Key players submit 22 patents to pool, and urge other holders to create a one-stop shop for licensing deals
The Broad Institute in Cambridge, US, and its partners Harvard University, the Massachusetts Institute of Technology and The Rockefeller University have submitted 22 patents in response to a call to create a joint licensing pool for Crispr genome editing technology. Such a platform would allow groups attempting to commercialise Crispr-based products to avoid complicated rights negotiations with multiple patent-holders. The tangled legal landscape currently surrounding Crispr could hinder the development of new therapies that exploit the tool.
The pooled licensing facility is being organised by MPEG LA, an intellectual property rights management company, which specialises in combined patent models. Chief executive Larry Horn said in a statement that Crispr is ‘too important to be left at risk of endless patent battles and splintered licensing regimes’, and that ‘a pool providing one-stop licensing efficiency and predictability to scientists and businesses worldwide represents the best hope to unleash its life-enhancing potential’.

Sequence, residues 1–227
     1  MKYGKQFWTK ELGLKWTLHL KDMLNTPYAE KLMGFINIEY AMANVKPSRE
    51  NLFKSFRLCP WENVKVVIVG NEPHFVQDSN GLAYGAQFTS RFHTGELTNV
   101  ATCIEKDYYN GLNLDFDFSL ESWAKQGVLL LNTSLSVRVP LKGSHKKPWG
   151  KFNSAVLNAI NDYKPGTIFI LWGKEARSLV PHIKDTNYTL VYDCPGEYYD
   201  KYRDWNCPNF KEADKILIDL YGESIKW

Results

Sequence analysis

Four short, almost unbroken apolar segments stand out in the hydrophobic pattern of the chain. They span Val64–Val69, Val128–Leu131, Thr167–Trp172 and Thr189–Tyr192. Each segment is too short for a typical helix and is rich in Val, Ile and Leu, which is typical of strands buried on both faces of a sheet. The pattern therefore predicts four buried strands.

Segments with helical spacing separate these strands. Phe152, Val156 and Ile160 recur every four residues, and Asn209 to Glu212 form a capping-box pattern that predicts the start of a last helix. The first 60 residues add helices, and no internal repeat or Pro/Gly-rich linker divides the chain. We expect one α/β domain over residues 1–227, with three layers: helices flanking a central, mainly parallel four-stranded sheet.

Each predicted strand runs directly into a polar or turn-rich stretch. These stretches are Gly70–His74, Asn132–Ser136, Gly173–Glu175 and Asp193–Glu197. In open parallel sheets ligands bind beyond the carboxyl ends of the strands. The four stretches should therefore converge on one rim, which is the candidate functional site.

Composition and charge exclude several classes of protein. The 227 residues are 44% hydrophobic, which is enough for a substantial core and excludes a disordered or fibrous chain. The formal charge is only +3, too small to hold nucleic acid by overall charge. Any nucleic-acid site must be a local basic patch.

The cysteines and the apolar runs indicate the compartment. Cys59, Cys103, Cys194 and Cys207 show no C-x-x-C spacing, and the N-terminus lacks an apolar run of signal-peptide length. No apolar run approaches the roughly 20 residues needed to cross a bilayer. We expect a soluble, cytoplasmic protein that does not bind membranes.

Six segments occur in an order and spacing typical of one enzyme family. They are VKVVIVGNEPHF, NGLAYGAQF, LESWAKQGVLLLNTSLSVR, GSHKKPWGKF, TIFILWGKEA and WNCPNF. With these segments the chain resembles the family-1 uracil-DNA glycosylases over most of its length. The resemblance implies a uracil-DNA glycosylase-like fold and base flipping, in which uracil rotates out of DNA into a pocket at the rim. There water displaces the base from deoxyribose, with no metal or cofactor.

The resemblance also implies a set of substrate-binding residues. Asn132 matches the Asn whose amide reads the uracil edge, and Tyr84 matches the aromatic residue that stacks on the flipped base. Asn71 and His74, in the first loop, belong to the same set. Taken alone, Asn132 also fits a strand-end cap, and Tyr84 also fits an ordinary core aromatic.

Legal battles have raged between the Broad Institute and the University of California, Berkeley – the two institutions at the heart of Crispr’s development – with both sides claiming victory following a recent ruling by the US Patent Trial and Appeal Board. To date more than 80 Crispr-related patents have been issued in the US and Europe to inventors from almost 30 different institutions.
‘We strongly support making Crispr technology broadly available,’ said the Broad’s chief business officer, Issi Rozen. ‘We look forward to working with others to ensure the widest possible access to all key Crispr intellectual property,’ she added.
It is unclear whether any other patent holders have applied to participate in the scheme.